The jury paid close attention to Arias as she spoke, their gaze turning to the large screen behind her as she ticked through family photos and explained the stories behind each image. Arias retained her composure throughout much of her statement, pausing occasionally as she apparently cried, but no tears were visible.
Alexander's family sobbed throughout her speech as Arias' mother and father looked on from the other side of the gallery.
After she finished speaking, the judge told jurors they can consider a handful of factors when deciding what sentence to recommend, including the fact that Arias has no previous criminal record. They also can weigh defense assertions that Arias is a good friend and a talented artist.
Judge Sherry Stephens also explained to jurors that their decision would be final, emphasizing the fact that Arias' life is literally in their hands.
"You will determine whether the defendant will be sentenced to life in prison or death," Stephens told the panel. "Your decision is not a recommendation."
The jury will hear closing arguments Tuesday afternoon, then begin deliberating Arias' fate for the June 2008 killing of Alexander in his suburban Phoenix home.
Arias initially claimed she knew nothing about the slaying. Then she blamed masked intruders before eventually arguing self-defense. Prosecutors contend she killed Alexander in a jealous rage because he wanted to end their relationship and go to Mexico with another woman.
Arias' attorneys also tried without success to withdraw from the case after Arias gave her post-conviction TV interview.
"Longevity runs in my family, and I don't want to spend the rest of my natural life in one place," a visibly shaken Arias told Fox affiliate KSAZ from a holding cell inside the courthouse. "I believe death is the ultimate freedom, and I'd rather have my freedom as soon as I can get it."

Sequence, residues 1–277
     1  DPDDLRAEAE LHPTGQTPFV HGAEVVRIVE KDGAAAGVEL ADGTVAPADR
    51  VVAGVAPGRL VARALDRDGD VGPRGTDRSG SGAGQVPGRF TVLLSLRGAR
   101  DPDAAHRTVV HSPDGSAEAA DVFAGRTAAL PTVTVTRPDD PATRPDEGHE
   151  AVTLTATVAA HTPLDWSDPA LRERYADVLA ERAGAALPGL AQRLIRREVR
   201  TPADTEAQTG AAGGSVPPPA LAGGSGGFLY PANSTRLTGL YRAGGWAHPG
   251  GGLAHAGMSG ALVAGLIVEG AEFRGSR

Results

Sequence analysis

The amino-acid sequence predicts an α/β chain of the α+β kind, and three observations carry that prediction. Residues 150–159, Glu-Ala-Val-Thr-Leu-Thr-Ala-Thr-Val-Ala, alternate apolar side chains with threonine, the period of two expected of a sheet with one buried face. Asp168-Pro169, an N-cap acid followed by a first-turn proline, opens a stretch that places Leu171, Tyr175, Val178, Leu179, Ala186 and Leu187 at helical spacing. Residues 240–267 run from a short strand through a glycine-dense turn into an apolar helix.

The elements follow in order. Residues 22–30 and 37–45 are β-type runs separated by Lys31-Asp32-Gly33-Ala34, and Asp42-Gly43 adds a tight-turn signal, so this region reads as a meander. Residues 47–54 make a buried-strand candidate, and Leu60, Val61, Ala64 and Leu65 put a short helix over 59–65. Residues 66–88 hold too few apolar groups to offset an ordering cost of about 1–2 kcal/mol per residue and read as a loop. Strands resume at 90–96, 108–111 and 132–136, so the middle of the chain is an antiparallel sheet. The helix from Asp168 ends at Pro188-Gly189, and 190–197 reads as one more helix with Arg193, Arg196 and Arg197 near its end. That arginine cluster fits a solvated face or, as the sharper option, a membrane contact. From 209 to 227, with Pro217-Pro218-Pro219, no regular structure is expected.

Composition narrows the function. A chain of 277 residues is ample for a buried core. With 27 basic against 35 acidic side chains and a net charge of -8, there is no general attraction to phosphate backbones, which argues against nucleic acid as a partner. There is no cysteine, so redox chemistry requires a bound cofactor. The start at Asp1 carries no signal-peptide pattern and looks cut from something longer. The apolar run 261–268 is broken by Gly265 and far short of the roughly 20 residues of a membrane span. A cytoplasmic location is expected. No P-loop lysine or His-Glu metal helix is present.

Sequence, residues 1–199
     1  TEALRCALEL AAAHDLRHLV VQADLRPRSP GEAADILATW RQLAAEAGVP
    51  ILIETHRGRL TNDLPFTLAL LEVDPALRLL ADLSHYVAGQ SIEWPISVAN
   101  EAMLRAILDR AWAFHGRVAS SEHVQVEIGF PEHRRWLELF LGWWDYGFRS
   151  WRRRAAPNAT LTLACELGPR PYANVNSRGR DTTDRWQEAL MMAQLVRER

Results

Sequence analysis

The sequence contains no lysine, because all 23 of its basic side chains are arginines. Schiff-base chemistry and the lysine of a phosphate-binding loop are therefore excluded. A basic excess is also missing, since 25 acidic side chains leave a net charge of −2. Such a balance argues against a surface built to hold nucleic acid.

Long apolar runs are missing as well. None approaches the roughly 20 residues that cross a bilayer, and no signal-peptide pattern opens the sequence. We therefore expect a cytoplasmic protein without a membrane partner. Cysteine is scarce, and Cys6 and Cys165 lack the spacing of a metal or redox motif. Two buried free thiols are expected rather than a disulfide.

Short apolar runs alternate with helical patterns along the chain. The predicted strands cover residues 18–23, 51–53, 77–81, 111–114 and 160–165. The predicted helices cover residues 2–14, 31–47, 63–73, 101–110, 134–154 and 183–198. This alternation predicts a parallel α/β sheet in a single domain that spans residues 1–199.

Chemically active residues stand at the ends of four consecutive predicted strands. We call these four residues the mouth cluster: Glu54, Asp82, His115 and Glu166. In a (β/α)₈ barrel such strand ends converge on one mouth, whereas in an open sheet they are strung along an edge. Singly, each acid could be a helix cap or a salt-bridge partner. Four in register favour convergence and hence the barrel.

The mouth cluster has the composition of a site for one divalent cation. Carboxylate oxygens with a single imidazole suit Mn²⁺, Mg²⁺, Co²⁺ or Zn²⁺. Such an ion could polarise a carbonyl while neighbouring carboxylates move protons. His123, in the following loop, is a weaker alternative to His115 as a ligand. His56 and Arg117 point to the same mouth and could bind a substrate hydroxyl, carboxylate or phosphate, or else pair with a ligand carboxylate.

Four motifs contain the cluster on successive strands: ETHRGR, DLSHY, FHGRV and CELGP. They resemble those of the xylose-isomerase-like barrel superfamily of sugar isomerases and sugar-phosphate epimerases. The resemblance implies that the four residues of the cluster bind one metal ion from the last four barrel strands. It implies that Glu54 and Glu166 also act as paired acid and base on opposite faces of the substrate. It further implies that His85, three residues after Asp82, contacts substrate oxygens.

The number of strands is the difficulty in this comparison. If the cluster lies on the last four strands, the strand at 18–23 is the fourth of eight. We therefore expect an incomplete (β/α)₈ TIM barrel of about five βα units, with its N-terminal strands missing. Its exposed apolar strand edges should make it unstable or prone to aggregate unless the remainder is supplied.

Last week, Alexander's brother and sister tearfully described for the jury how Alexander's death has torn apart their lives. Defense attorneys had planned to call witnesses, including a female friend and ex-boyfriend of Arias, to speak on her behalf. But after the judge denied all their motions on Monday, they said Arias would be the only one speaking to jurors.
Defense attorneys claimed the female friend had received death threats and refused to testify. They then argued Arias could not receive a fair trial in the penalty phase without the witness, but the judge disagreed.
Instead, Stephens simply told jurors the woman was supposed to testify about Arias' "abusive environment she grew up in and abuse as an adult," but was now unavailable to appear in court.
Arias told jurors the friend and her young son had been "threatened and harassed."